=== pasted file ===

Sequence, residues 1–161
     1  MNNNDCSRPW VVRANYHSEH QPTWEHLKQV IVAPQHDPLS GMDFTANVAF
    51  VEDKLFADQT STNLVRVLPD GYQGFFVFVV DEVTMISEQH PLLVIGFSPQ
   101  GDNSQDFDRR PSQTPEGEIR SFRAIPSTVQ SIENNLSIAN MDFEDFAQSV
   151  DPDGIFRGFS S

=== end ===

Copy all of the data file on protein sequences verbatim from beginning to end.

Sequence, residues 1–161
     1  MNNNDCSRPW VVRANYHSEH QPTWEHLKQV IVAPQHDPLS GMDFTANVAF
    51  VEDKLFADQT STNLVRVLPD GYQGFFVFVV DEVTMISEQH PLLVIGFSPQ
   101  GDNSQDFDRR PSQTPEGEIR SFRAIPSTVQ SIENNLSIAN MDFEDFAQSV
   151  DPDGIFRGFS S